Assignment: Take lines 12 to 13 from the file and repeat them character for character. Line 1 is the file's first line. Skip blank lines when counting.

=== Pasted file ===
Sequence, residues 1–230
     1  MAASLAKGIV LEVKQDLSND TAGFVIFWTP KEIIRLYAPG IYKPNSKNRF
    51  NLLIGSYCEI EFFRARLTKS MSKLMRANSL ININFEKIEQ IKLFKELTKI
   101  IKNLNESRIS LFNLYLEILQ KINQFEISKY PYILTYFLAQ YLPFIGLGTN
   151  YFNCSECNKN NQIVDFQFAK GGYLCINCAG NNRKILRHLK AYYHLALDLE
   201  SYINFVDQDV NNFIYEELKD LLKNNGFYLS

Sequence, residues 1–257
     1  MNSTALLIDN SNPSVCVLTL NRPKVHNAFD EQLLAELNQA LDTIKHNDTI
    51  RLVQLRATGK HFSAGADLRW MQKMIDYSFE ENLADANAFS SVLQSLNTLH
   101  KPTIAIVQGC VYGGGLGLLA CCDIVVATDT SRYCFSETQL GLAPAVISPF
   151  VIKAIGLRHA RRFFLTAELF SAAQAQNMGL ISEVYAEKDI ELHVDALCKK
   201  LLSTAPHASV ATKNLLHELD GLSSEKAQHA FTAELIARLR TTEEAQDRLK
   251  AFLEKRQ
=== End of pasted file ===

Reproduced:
   201  LLSTAPHASV ATKNLLHELD GLSSEKAQHA FTAELIARLR TTEEAQDRLK
   251  AFLEKRQ